Two essential reads
Planning on coming to Thailand to teach? Don't leave home without them.
Becoming an Expat in Thailand by Laura Gibbs
'Becoming an Expat in Thailand covers everything a potential expat (or some that are already here) needs to know - from what to bring, how to ship your car / dog/cat (or why not to), moving with families and even visas and how to get a job here!
This book is actually part of a 'becoming an expat' series. Other editions focus on places like Ecuador and Costa Rica with Brazil and Mexico in the publishing pipeline, but this is the first time I had seen or flicked through the Thailand edition.
The problem I have with many Thailand guidebooks is that they spend far too much time and too many pages rambling on about history and politics. And this is what I enjoyed most about Laura's book. Very early on, she says "I'm not going to bore you with the Thai political situation" and true to her word, she devotes a paragraph or two to the topic but gets quickly to the nitty gritty - content that the majority of readers are most interested in.
If you are thinking of moving to Thailand, the chapters are presented in a clear logical order beginning with what you should and shouldn't bring along with the best ways to prepare yourself for your life ahead. Once you've arrived, you'll need to find apartments, find schools for the kids (if you have any) and learn some of the local lingo. All of these issues are covered of course.
There's an extensive section on working in Thailand including the different types of jobs foreigners can do and brought right-up-to-date with the digital nomad age and also a section on working with Thais and what things to look out for in the workplace.
Other sections include banking, retirement (for the older reader) and culture shock.
To keep the book interesting and 'different' to other Thailand guidebooks, Laura slips in the occasional anecdote or observation from people she's met in Thailand along the way and I assume while she was writing the book. It might be an English teacher commenting on the downsides of renting a cheap apartment or a computer programmer talking about his love for Thai streetfood, but Laura has at least attempted to cram as many real-life opinions into the book as possible. And of course they are the opinions of those on the frontline.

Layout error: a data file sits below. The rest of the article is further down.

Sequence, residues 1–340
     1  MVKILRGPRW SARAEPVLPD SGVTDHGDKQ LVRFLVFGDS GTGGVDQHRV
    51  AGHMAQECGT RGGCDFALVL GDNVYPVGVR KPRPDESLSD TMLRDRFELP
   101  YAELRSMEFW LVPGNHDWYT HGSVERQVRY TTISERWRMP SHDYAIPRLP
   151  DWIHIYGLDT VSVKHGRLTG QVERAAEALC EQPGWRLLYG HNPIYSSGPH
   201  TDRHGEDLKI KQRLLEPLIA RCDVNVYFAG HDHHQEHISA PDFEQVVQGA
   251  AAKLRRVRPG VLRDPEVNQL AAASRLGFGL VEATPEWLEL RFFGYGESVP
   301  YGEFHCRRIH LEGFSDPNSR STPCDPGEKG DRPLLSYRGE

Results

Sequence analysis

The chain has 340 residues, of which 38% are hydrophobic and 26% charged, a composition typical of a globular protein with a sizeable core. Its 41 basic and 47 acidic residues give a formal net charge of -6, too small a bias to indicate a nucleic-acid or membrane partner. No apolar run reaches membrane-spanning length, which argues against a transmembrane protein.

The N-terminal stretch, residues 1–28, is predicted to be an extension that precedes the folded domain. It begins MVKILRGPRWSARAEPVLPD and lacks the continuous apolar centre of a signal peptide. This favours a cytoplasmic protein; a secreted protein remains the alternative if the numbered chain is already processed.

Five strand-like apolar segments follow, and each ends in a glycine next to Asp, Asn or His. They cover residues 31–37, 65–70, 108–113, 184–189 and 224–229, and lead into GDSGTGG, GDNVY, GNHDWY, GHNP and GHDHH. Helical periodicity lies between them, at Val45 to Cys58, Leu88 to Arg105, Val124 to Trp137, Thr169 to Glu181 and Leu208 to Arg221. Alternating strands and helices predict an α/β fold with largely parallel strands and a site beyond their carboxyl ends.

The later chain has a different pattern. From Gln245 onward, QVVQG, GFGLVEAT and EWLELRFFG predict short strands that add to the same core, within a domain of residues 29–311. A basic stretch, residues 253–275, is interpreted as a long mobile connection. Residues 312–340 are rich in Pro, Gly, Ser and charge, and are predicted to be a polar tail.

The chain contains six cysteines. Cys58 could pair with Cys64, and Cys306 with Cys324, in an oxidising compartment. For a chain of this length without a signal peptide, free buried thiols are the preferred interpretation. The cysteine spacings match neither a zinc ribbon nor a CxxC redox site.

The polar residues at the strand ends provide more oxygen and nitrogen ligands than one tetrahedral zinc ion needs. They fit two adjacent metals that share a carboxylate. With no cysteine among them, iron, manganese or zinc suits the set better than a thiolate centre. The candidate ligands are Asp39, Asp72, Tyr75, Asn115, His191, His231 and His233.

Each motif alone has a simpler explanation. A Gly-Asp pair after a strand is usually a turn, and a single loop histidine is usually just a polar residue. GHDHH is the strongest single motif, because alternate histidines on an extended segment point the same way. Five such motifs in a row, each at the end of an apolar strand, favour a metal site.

A very enjoyable, some might say more 'light-hearted' read that manages to stand out in the crowded 'expat moving to Thailand' book market. Available on Amazon.
Teaching in Thailand: A Practical System (Davis Pisarich)
Davis, the book's author, makes a very bold claim early on - "no one has ever written a book like this on the topic of teaching in Thailand" I was immediately skeptical but having read the book cover to cover and thoroughly enjoyed it, I confess that he could be right. Here's a teacher with at least seven years experience of teaching in Thailand, who has found himself in many different situations at both government and private language schools.
This is someone writing about teaching in Thailand as it is at this very moment.
The book begins with a useful section on preparing yourself for life as a teacher in Thailand. There is plenty of good advice there including the fact that you should never set up a job before you arrive in Thailand. Then it moves on to choosing the right kind of school to work at. What are the upsides of working at a private language school? What are the downsides of being at a large government school?
Then there is the task of applying for a job. David is on hand to give you resume tips and what about those all-important interview questions you should be asking?
Once you're on the job, what are Thai students like? What about the foreign colleagues you are going to work alongside and what problems are you probably going to face with Thai admin staff and school owners? David pulls no punches. Anyone reading this book is going to be well-prepared even before they've set foot in a classroom.
I would say every important and essential aspect of teaching in Thailand is covered in this book. There are sections on classroom management, the best cities to look for work, writing tests and exams, choosing activities, using technology in the classroom and lesson planning.
This is the book I would have loved when I first began my career as a TEFLer in Thailand. It's sure to be a very wise investment for any newbie.
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